This work is accompanied by a certificate of authenticity, signed and dated by the artist.
In 1985 at the age of 23, Australian-born Marc Newson exhibited his now iconic Lockheed Lounge LC-1, a dynamic and energetic form that represented a stylistic breakthrough from the high-tech constructivism that characterised mainstream 1980s design. The Lockheed offered a vision that was subtly antique yet strikingly futuristic, fastened by 1930s streamlining and embracing a vision of science fiction fantasy.
Named in hommage to the Machine-Age aesthetic of the American aircraft manufacturer, the Lockheed Lounge LC-1 was imbued with a sequence of subtle yet highly personal influences. Newson adopted the faux serial number LC-1 in deference to Le Corbusier's classic chromed steel 'LC-2' lounge chair of 1928, itself a design that was a deftly ironic modernisation of a traditional seating form. Most unusual, however, was Newson's decision to model his seat as a chaise-longue, a relatively outmoded furniture type in the late- twentieth century, and a decision that was loosely stimulated by Jacques-Louis David's 1900 'Portrait of Madame Récamier'. With the resonance of nineteenth century classicism inherant in the model, Newson sought to assure the design's modernity by sheathing the entire surface with a seamless coat of aluminium. Proving technically impossible, Newson turned to his skills and training as a jeweller, and proceeded to carefully cut and rivet thin aluminium panels to the hand sculpted fibreglass understructure. Despite artisanal and successfully improvised technique the completed structure offered a seamless, metallic hourglass vision that suggested, in the words of one contemporary commentator, 'a giant blob of mercury'.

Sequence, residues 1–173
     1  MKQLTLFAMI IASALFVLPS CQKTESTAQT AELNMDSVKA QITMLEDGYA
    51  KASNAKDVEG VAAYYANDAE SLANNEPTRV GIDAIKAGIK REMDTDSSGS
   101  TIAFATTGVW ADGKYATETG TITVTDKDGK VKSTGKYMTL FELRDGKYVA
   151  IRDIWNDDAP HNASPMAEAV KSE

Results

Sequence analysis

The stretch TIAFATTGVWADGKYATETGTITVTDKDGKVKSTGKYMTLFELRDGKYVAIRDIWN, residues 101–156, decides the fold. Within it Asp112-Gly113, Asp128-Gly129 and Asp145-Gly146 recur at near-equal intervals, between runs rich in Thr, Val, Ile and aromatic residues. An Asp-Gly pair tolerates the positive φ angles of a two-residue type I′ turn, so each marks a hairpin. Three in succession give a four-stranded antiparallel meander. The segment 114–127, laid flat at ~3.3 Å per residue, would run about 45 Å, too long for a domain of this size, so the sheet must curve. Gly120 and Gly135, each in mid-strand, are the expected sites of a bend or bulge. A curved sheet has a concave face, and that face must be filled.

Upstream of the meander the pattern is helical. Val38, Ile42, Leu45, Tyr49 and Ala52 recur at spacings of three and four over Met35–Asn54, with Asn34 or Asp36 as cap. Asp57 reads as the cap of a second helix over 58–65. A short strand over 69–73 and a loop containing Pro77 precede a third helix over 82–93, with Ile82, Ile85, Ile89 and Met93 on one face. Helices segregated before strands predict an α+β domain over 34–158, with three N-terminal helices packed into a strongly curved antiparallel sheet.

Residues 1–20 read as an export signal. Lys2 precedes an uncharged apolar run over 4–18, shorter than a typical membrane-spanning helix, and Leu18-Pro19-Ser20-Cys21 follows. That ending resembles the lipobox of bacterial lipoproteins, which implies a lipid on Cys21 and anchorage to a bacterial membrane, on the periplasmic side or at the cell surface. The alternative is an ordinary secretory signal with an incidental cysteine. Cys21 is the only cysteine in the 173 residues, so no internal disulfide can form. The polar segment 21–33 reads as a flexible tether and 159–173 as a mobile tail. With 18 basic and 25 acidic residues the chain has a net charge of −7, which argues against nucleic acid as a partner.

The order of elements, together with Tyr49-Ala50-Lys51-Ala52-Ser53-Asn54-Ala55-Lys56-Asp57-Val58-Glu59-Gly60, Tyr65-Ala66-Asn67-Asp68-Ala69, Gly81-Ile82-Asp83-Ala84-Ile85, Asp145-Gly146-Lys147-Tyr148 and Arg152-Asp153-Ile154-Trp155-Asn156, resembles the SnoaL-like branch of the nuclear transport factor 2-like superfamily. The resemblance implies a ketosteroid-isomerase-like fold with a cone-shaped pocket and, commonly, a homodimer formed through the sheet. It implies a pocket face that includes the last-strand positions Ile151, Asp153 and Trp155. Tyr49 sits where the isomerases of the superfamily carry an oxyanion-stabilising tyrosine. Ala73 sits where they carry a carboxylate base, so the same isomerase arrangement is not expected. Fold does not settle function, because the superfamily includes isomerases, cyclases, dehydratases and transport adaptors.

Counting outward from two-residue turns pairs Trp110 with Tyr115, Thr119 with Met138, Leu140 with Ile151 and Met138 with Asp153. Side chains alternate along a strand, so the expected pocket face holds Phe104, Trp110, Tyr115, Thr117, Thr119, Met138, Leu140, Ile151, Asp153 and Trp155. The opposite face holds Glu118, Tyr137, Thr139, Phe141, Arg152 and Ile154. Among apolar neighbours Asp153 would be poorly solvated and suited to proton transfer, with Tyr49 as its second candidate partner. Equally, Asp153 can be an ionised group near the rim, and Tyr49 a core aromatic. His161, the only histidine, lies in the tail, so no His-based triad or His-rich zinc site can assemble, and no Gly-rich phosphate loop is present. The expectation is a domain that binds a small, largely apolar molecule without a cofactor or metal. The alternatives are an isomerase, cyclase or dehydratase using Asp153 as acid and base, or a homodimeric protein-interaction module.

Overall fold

Produced for an exhibition at the Roslyn Oxley Gallery in Sydney, the prototype Lockheed was purchased by the National Gallery of Southern Australia, and images of the prototype swiftly circulated to international praise. Newson reworked the technical shortcomings of the original prototype to produce the Lockheed as a limited edition. An early and enthusiastic supporter was Philippe Starck, who in 1990 acquired an example for use in the lobby of Ian Schrager's Paramount Hotel, New York. In 1993 the Lockheed was brought to a wider audience when featured as the centrepiece in Madonna's 1993 video for her single, 'Rain'. Two years later Vitra Design Museum included the Lockheed in their highly influential travelling exhibition of 100 Masterpieces, and in 2000 the chaise was the focus of the Carnegie Art Museum's aluminium retrospective.
That the Lockheed should have been immediately embraced by such positive cultural and academic acclaim underlines the visionary aesthetic of the chaise. Reflected against the monochrome linear geometry of corporate 1980s design, the Lockheed persists as a solitary example of organic design, a shimmering bolide form that recalls the biomorphic sculptures of Jean Arp, Alexander Archipenko and Isamu Noguchi. Reviewed twenty years after the sale of the 1985 prototype, the hand-built Lockheed can be confirmed as having inaugurated the aesthetic vocabulary of twenty-first century design. Now furnished with advanced computor technologies and aided by newly-developed materials, the designers and architects of the new millenium, of which Newson remains at the forefront, have succeeded in liberating form from structure to actualise the futuristic sensuality heralded by the Lockheed.